illustration depicts Indian society during the Gupta imperial
age (200-600). Of all its institutions, it is the caste
system that defines Indian society. The state was, in
McNeill's words, relatively "superficial" since
rulers felt it prudent to conform to rules established
by sacred texts, those texts that laid out the caste structure.
The Buddhist temple, as well, while having at least a
superficial relationship with the orders of society below,
remains faded, suggesting a less important role in the
lives of ordinary Indians. At the center of the diagram
is a depiction of the caste system. Different castes reside
at different levels of society, rigidly organized in hierarchical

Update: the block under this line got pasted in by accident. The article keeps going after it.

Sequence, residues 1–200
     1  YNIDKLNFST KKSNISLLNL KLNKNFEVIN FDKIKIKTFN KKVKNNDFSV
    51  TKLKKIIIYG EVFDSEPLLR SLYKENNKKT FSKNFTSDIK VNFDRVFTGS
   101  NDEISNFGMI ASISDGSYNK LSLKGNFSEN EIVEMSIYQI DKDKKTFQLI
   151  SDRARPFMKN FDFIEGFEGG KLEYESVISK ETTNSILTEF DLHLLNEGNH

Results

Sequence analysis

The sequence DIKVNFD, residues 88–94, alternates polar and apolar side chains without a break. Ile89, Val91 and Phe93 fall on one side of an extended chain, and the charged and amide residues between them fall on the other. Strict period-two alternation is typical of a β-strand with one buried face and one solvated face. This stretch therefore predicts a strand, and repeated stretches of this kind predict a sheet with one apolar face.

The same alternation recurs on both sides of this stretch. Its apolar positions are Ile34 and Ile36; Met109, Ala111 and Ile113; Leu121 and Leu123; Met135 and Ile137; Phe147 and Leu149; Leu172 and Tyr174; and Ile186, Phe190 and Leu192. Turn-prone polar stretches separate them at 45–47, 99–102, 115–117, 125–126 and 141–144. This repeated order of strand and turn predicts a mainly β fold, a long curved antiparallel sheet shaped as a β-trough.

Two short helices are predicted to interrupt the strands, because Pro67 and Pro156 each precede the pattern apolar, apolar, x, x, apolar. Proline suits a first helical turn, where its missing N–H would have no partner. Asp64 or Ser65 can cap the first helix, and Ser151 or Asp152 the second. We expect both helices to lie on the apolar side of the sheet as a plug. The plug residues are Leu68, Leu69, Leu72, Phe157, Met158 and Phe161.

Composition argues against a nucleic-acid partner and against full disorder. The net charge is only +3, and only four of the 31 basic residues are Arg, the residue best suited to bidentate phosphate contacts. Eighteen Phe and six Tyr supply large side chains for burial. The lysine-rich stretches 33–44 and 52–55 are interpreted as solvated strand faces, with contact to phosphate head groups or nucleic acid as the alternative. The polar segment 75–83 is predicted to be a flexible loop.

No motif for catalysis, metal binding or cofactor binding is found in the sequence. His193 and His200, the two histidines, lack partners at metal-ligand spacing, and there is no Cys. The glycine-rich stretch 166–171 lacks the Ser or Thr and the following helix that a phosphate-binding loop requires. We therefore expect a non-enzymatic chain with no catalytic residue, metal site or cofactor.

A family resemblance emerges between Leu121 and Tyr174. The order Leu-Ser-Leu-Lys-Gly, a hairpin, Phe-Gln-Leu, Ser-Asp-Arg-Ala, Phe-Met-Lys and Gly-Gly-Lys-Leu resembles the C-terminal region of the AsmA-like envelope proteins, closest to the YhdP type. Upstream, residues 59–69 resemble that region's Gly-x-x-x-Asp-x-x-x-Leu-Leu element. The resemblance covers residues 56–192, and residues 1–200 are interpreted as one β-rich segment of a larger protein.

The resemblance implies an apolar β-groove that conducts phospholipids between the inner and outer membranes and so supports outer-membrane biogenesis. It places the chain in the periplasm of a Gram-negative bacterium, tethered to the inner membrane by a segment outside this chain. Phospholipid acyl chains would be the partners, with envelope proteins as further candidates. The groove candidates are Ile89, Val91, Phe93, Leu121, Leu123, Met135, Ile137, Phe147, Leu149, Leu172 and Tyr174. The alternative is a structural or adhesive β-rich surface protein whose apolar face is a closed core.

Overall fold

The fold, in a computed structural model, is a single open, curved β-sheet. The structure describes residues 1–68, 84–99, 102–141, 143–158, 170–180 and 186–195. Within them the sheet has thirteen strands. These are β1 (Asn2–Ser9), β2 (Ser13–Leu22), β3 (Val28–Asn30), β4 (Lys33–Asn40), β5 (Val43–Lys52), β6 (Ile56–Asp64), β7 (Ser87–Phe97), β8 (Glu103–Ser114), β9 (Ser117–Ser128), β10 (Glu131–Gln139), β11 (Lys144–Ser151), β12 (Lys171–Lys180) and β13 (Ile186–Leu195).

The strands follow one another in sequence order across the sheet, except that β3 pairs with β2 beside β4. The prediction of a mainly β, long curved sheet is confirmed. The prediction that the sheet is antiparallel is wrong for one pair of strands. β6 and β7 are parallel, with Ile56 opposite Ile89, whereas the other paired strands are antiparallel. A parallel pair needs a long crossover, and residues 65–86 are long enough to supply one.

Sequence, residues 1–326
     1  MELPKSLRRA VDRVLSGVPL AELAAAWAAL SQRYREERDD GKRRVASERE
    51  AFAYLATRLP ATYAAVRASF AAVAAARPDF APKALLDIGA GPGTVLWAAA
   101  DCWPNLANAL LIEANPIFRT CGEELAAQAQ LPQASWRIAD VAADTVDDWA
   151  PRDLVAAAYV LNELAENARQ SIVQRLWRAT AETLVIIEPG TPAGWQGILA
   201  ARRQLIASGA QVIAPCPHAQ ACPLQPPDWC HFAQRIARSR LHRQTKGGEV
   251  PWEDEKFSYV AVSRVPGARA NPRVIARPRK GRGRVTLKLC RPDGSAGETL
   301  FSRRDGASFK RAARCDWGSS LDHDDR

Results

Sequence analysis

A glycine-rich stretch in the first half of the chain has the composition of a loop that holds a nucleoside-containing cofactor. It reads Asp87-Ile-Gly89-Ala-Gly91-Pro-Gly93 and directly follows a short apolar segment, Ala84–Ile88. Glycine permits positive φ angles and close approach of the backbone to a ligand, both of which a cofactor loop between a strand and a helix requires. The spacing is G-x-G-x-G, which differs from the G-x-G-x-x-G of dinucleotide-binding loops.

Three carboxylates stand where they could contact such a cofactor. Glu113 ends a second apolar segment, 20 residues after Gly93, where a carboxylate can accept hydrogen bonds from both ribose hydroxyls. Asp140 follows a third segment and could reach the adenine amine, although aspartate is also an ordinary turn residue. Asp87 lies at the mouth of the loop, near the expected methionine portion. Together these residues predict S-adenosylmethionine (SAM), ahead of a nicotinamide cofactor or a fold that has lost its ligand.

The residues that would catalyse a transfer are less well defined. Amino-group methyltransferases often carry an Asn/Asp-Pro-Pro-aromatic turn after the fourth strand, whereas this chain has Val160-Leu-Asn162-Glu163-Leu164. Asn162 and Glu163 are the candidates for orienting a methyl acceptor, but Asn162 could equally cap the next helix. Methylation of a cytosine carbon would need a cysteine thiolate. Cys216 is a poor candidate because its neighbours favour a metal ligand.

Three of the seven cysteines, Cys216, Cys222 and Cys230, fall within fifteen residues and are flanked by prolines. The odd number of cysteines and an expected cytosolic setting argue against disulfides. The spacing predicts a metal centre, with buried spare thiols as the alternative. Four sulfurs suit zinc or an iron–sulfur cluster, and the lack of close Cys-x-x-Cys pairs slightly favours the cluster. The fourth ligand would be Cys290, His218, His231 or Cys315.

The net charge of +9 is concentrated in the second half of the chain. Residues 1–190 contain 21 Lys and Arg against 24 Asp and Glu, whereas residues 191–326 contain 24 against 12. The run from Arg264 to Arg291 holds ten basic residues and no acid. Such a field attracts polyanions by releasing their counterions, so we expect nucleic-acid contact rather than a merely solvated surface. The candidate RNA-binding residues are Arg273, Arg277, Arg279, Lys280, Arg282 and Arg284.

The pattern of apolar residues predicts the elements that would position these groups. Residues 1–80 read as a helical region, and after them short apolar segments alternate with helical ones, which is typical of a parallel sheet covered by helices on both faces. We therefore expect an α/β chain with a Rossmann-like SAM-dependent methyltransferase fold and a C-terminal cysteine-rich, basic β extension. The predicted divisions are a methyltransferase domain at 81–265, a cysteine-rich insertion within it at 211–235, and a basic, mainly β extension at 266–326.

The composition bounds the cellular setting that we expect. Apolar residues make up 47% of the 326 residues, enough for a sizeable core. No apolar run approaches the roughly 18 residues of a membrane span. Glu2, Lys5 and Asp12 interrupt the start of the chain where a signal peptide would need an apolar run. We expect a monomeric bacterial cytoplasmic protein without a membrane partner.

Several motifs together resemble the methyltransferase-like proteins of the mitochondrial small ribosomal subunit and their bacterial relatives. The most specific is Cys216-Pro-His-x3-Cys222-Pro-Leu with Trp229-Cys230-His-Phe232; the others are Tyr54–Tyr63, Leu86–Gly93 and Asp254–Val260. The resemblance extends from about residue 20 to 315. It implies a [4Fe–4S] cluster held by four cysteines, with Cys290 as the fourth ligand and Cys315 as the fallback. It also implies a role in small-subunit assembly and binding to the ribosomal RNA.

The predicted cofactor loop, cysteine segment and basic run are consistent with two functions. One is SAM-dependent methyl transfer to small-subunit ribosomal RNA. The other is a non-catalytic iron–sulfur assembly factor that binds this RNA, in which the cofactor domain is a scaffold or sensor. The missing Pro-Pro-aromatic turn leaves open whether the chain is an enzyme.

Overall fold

fashion. Note the different stations in life represented
here, from manual laborers and beggars at the bottom,
to skilled craftsmen, to nobility at the top. The white,
sweeping line is Petheo's attempt to show reincarnation
of the soul to a higher caste. Winding throughout the
castes, this white line leads ultimately to "God,"
here a representation of both the Hindu god Vishnu and
Buddha. This fusion is meant to represent "nirvana,"
the final escape from this cycle of birth, death and rebirth.